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16 March 2021

We have been greatly saddened to learn of the death at the weekend of our former prop-forward Bernard Scott, and on behalf of everyone associated with Swinton RLFC, we would like to pass on our heartfelt condolences to Bernard’s family and many friends.

We are indebted to Bernard’s nephew, Tom Scott, for the following magnificent summary of his uncle’s career in rugby league:-


Bernard attended Snapethorpe school in Lupset, Wakefield and was a regular in the school rugby league team which was known for producing top level players such as Wakefield Trinity legend Harold Poynton who was in the same class as Bernard’s older brother Dennis. With a strong competitive spirit, natural ball skills, and the heart of a lion, it wasn’t long before Yorkshire Schoolboys were to recognise Bernard’s potential and offer him a place on the team as scrum half. He was to play for YSB between the ages of 14-15 as he enthusiastically set about crafting his game.


Bernard joined Shaw Cross Boys Club in 1957 and quickly became a key player at the local amateur club which was renowned for producing a steady stream of talented players. Scouts from numerous professional teams were always in attendance at Shaw Cross in search of the future stars of the game and this is where his first professional club, Halifax RLFC picked up his services in 1961 when he was aged 19. This was the break that Bernard was looking for and an opportunity to show his skills at the highest levels of the game.

HALIFAX RLFC – Heritage Number 717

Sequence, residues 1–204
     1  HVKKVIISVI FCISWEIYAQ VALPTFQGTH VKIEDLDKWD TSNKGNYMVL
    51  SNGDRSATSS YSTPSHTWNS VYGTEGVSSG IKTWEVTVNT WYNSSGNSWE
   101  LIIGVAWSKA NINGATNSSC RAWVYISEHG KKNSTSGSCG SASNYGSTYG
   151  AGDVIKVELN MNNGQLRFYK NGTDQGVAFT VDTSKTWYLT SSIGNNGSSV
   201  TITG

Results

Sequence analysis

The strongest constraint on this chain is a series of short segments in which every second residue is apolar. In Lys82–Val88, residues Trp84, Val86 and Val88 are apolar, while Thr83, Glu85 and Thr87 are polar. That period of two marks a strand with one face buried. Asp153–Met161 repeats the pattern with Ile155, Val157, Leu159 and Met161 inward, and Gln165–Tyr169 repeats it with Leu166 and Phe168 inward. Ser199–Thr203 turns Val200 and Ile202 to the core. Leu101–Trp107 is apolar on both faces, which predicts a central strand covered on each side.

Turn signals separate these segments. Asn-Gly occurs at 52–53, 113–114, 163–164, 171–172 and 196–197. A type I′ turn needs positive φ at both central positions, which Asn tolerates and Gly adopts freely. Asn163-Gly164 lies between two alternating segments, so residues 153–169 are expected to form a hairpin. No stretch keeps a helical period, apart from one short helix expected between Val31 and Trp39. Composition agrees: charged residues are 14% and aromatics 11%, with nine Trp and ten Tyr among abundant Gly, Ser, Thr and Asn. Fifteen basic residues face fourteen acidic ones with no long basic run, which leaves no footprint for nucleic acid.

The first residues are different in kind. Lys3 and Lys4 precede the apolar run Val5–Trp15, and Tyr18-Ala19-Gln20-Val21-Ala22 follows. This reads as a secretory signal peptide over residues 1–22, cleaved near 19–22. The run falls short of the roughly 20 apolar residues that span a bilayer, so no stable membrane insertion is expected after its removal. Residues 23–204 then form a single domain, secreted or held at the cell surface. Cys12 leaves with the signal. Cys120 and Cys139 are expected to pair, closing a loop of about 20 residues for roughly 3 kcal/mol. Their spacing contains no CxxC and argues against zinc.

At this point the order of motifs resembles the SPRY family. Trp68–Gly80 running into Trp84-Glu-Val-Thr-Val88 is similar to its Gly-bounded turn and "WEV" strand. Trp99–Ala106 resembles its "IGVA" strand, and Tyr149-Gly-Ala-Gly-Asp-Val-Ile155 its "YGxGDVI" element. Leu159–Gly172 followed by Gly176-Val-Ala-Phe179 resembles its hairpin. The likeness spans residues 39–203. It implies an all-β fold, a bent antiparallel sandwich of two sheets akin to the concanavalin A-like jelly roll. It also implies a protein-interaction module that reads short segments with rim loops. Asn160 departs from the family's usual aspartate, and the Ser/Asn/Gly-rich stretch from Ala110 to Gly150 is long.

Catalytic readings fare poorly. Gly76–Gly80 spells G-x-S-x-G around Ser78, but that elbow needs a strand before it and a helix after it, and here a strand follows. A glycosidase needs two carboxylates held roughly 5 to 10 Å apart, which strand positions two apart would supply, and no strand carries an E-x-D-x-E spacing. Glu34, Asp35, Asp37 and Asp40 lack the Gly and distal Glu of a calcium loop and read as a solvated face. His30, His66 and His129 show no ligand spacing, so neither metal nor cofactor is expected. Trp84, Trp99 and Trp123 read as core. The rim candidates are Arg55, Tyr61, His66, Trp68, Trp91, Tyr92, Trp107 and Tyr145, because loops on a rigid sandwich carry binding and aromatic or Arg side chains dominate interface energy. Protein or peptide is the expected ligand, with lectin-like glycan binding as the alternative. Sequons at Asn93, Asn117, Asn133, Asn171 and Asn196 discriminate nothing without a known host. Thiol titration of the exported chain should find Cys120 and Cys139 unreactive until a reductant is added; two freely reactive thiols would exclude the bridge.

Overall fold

Bernard joined the club from Shaw Cross in 1961 and stayed until 1966. Several other players signed from Shaw Cross around that time, including Barney Hardcastle, Stuart Kelley, Barrie Cooper, and Trevor Stevenson. His signing-on fee was £500. They came to training together every Tuesday and Thursday night on a minibus that the club put on for them. They all became very good friends. During his playing career at Halifax he made 65 appearances in total, all at prop, scoring 5 tries. His debut was on 30th September, 1961, at Hull KR, soon after signing. It was notable that this was also the debut game of a 17 year old Colin Dixon who had joined from Welsh Rugby Union. His last match was at Keighley on 3rd September, 1966. Bernard played at the same time as fellow-greats of the game Ken Roberts, and Jack Scroby. Halifax were one of the top sides in the period, winning several trophies. Bernard was in the team for the final of the Eastern Region competition in 1965, a long-defunct yet very significant competition. Bernard played in the 1964/65 championship winning side and although he missed out on the championship final, equivalent of the current Grand Final. He was to play in most of the earlier rounds.